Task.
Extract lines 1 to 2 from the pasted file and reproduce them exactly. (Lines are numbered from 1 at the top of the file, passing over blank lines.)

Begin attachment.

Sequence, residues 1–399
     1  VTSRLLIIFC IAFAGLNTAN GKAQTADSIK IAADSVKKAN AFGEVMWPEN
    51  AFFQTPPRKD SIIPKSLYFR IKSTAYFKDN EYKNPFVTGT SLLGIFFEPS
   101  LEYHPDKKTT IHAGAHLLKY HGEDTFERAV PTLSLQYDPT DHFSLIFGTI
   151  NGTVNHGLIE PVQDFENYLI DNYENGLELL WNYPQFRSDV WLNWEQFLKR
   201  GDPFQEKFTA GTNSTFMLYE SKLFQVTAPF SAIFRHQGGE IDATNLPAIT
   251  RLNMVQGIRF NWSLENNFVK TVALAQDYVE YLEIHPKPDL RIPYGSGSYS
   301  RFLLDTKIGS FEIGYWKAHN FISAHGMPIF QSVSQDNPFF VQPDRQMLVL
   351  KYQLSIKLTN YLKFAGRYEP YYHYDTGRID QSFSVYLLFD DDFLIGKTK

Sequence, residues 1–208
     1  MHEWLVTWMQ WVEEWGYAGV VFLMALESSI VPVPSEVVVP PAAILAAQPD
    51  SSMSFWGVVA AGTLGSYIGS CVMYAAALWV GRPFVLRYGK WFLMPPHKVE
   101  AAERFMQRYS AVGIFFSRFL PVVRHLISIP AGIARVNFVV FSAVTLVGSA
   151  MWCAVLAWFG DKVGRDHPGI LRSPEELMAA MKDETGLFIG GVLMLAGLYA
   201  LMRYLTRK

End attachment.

Sequence, residues 1–399
     1  VTSRLLIIFC IAFAGLNTAN GKAQTADSIK IAADSVKKAN AFGEVMWPEN